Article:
When it comes to buying and retraining ex-racehorses, top eventer Victoria Bax is rapidly becoming recognised as an expert in this field, as she transforms thoroughbreds from the track into model event horses. Courtesy of Golly Galoshes, the versatile equine gaiter and Aloeride, the natural organic aloe vera supplement, Victoria gives her top tips for success beyond the winning post….
THE PERFECT PURCHASE
You have several options open to you as to where you buy your ex-racer: privately, direct from the trainer and racing yards or sales and auctions. Whatever your level of experience, you are best advised to take someone with you when looking to buy and looking at bloodlines is also important. As an example, in our opinion if you only want to do pure dressage try to stay away from horses that were bred for flat racing, not always the case, but when looking at racehorses transitioned into dressage the most successful ones have come from specific National Hunt bloodlines.
If you do decide to buy from the Bloodstock auctions you get two types of Thoroughbred, the one that adapts quickly and the one that you need to just turn away and let it unwind its brain for a bit (normally 3-6 months, again something many people do not realise). With Salto we have been very fortunate that he settled in from day 1 and has adapted to his new surrounding and new career in a chilled out relaxed manner, which in some way comes back to knowing what bloodline will give you what, there are certain bloodlines that are fizzy by nature and they are the ones you would turn away for a while.
THE PRICE IS RIGHT?
Many people think that buying an Ex-racehorse is a cheap option and whilst they might be cheap to purchase, but it’s important to recognise that they are far from cheap to run and maintain! NOTHING to do with ex-racehorse comes cheap! They are generally not good doers, so will need adlib forage/fibre and high calorie feed to maintain good condition. Many that come straight from racing yards will need attention given to their feet, as TB’s are notorious for having very flat feet. Saddle fitting can be difficult as TB’s are generally very high withered with a serious lack of muscle either side of the withers which causes the problems until they start to work and build up condition. The continued changes in their body can be helped by regular visits from a physio to assist with tight and sore muscles.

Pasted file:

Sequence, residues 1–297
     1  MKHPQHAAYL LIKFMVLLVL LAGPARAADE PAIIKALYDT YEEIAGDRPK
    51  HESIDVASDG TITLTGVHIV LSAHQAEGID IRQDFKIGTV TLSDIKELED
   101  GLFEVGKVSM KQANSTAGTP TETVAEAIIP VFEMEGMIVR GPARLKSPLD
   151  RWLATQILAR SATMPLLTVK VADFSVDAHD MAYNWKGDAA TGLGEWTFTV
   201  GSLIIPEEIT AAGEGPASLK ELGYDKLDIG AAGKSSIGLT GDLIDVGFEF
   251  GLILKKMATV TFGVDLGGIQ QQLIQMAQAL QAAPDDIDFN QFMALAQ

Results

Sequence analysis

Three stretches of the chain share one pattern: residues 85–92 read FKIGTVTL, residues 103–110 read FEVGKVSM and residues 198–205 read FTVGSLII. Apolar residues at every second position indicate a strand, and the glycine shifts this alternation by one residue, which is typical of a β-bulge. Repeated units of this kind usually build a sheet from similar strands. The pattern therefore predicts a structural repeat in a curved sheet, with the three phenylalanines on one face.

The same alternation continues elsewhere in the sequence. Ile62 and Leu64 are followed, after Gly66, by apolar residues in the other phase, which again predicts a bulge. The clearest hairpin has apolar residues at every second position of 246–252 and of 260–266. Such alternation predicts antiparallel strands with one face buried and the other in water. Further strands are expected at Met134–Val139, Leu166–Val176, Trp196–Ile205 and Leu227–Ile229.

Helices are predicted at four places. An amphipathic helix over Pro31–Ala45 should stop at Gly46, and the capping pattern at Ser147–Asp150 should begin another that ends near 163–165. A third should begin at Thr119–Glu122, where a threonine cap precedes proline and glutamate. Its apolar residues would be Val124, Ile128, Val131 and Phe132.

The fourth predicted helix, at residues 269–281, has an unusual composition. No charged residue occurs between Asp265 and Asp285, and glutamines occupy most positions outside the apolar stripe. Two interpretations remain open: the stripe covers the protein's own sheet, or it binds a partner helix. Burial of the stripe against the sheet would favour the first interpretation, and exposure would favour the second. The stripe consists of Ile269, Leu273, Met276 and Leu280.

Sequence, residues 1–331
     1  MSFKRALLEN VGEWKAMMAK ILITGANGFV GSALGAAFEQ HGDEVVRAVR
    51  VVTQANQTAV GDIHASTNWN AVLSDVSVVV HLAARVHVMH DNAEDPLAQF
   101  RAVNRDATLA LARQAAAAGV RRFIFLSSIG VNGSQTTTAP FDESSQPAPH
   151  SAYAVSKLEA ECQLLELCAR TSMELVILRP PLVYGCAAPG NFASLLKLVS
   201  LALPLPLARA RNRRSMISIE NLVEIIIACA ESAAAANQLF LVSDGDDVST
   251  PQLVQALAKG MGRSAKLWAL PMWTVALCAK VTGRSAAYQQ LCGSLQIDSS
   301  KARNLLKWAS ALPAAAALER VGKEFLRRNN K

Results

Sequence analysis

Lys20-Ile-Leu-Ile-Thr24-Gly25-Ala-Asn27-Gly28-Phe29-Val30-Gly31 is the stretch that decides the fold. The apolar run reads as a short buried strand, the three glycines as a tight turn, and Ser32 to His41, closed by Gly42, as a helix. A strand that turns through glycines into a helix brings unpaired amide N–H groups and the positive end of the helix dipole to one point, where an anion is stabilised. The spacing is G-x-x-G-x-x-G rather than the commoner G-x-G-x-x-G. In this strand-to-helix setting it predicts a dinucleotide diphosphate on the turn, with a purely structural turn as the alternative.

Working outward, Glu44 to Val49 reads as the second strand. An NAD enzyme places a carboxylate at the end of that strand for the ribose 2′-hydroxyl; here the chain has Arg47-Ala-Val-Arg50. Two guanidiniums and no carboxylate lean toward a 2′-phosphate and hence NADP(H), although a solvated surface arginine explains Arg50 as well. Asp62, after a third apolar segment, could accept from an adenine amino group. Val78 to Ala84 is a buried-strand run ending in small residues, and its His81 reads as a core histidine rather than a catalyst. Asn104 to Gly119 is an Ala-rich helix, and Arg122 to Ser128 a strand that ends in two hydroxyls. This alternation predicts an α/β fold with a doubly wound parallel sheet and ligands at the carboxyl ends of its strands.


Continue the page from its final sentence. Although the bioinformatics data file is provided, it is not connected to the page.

What people also fail to realise is that yes you have paid only £400 but the average cost to successfully re-train a racehorse is around £3000 once you take into account the, physio it will need on its back, as you will school it in a different way and start to use muscle that it never knew existed, the change in tack as it starts to change shape from the new muscle development, lessons, teeth, etc
THE EARLY DAYS
Take their development slowly due to the change in muscle’s and environment. I use a lot of lunging and long reigning initially to encourage the build up of muscles along the back and when riding use poles and grids to aid balance and control. One of the things people do not realise when getting a thoroughbred from the auctions is that taking up the reins to them indicates an upward change of pace is required, so you have to start un-ravelling what they have previously been taught and getting them used to aids that are alien to them. As they progress in their training I take them to local dressage competitions and then do some clear round jumping, along with some jumping at home. If all goes well here, I will progress to playing on a cross-country course. Remember the first few experiences need to be fun, not serious, so that they enjoy what you are asking them to do in their new career. First impressions count! Another thing people forget after schooling at home is that a Thoroughbred will probably get excited on it’s first few outings and ‘light up’ with the tannoy and seeing lots of other horses etc., as it will think that it is going off to the races.